Sharing your activities online can have negative implications

Hoard's Dairyman: 

Sharing your activities online can have negative implications

Date: 
Thu, 03/21/2013

“Big brother” and the outside world are watching.

by Patti Hurtgen, Hoard’s Dairyman Online Media Manager
computer screen
As the online media manger, much of my day is spent online. As a publication, we share new stories with those interested in dairy cattle. However, as an individual, you need to be careful of what you share and with whom. People can learn a lot about you without doing a lot of digging.

Consumer Reports states that issues with privacy are on the rise. Who is looking at your Facebook page or Twitter profile? We would be naïve to believe only our friends and family are interested in our activities. Criminals are often lurking for information that you inadvertently provide such as your birthdate or your travel plans. How often does a security question for banking or credit cards ask for your birthdate or mother’s maiden name? If you are a female who uses her maiden name on Facebook to be more recognizable to high school friends, be careful, that information can be used against you. Indicating your family connections, gives a good indication of maiden names, too. For adult, employers, lawyers and private investigators can view your activities if your settings are not as stringent as they could be. Whatever the reason, think about the information you make available to those on the web.

Your posted activities and discussion can share…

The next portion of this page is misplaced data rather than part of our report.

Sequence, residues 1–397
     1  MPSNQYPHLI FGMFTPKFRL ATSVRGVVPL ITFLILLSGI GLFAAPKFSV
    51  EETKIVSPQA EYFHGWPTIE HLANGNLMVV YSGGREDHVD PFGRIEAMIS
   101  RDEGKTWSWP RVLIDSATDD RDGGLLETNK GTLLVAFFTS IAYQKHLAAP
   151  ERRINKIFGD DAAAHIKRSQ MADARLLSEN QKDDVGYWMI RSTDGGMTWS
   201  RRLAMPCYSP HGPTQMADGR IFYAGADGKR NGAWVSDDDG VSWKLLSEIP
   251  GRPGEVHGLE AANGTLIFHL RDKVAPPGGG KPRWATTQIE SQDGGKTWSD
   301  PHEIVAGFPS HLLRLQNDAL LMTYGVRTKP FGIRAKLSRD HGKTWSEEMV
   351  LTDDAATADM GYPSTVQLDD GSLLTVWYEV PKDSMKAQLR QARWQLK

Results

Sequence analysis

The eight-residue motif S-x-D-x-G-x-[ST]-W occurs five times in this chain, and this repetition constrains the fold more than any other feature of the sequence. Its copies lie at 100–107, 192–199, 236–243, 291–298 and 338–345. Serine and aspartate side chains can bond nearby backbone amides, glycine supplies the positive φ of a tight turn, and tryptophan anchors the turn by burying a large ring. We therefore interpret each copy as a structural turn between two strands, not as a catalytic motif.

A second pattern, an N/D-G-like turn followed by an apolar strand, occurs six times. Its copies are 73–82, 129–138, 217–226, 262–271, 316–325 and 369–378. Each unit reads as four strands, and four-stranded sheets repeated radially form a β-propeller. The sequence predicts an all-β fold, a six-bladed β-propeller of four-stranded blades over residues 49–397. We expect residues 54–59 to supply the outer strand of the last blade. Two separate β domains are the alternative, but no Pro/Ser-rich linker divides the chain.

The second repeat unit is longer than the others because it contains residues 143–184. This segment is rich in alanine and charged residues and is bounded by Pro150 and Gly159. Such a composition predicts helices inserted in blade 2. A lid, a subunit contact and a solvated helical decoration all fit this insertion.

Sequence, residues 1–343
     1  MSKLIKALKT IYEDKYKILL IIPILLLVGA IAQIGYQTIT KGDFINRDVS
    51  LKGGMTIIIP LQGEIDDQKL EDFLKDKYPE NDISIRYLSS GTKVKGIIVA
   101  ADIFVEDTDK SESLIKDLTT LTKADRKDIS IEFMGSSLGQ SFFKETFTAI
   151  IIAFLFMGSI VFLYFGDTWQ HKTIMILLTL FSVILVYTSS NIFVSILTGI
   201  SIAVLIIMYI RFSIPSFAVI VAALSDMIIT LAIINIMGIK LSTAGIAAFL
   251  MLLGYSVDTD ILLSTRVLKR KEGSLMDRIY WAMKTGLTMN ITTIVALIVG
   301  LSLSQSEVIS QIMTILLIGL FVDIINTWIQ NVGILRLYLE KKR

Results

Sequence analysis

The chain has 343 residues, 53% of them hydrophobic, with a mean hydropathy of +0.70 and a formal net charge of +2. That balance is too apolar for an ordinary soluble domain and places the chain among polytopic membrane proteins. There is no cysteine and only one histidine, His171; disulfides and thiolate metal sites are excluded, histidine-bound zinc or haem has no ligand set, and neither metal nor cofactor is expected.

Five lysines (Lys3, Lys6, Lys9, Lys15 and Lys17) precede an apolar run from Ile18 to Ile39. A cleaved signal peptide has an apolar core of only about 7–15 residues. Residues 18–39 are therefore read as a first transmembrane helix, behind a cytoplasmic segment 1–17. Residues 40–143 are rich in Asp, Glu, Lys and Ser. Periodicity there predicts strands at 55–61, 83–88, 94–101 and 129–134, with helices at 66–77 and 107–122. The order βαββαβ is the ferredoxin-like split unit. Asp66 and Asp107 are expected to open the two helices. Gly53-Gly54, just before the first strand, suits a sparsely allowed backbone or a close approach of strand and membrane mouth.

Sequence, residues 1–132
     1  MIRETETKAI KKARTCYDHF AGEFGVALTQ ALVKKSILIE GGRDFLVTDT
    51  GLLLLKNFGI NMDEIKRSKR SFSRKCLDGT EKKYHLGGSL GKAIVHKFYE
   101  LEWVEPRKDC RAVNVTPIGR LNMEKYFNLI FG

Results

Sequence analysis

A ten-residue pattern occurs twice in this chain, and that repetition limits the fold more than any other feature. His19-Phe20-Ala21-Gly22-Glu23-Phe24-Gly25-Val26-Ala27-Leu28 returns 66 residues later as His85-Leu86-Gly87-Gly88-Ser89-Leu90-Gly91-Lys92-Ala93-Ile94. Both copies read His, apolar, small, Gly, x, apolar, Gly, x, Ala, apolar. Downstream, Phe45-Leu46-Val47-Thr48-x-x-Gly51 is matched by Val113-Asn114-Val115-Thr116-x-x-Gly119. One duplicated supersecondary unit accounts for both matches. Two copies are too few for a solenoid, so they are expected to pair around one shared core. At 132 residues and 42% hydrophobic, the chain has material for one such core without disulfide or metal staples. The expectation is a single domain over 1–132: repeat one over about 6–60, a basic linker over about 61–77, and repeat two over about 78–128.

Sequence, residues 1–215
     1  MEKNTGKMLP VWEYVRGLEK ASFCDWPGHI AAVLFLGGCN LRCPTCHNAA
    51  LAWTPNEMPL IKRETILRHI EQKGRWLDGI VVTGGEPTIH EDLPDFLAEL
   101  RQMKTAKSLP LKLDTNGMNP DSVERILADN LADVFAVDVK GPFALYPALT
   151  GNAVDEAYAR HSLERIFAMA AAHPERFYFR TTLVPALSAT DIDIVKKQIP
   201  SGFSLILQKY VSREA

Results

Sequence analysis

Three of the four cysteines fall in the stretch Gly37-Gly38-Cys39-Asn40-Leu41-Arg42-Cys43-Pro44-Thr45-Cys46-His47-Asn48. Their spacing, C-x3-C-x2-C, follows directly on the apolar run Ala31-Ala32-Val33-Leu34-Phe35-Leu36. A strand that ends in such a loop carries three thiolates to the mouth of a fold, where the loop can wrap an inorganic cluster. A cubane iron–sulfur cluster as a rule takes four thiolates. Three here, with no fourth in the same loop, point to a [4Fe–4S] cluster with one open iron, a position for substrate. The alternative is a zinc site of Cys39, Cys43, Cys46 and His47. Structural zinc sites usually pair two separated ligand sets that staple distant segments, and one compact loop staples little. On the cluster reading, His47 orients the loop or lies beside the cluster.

• Health details that your insurance company may be interested to know.
  • Your travel plans. If you are in not at home, your house becomes a target for thieves.
  • Your birthday, which can give identity thieves a key piece of information.

So while you might like to get an abundance of Happy Birthday posts on your wall, be cognizant of who is reading your profile. Potential employers have every right to check out your public page to see the type of activities you are involved with. What they find may cost you a great opportunity.

For students applying for internships or scholarships, potential employers or scholarship evaluators can see the activities of the applicant on their Facebook pages. Over 2.6 million Facebook users discussed recreational use of alcohol on their wall, and if they are under age, it alerts others that this individual does not obey the law. What kind of employee would they be when company rules are outlined?

If you’re supposed to be home sick and you check-in at Wrigley Field on Foursquare, or when you told your employer there was a family emergency and you post photos from your skiing adventure that afternoon, your deception will catch up with you because of social media.

Liking pages which may offend others may not seem like a big deal, but affiliations with subjective behavior is not in your best interest if you are looking for a job or a scholarship. Commenting on pages with inappropriate language on Facebook or via Twitter speaks volumes as to your level of maturity.

If you serve as an officer in an organization or are royalty for a breed association, you are a reflection of the organization. Does your online behavior truly reflect the values and beliefs of those you represent? Who knows who is watching you. Set your privacy controls to keep strangers from seeing your posts, or better yet, think before you post.

If you would like to learn more about technology and safety, visit our blog archives.

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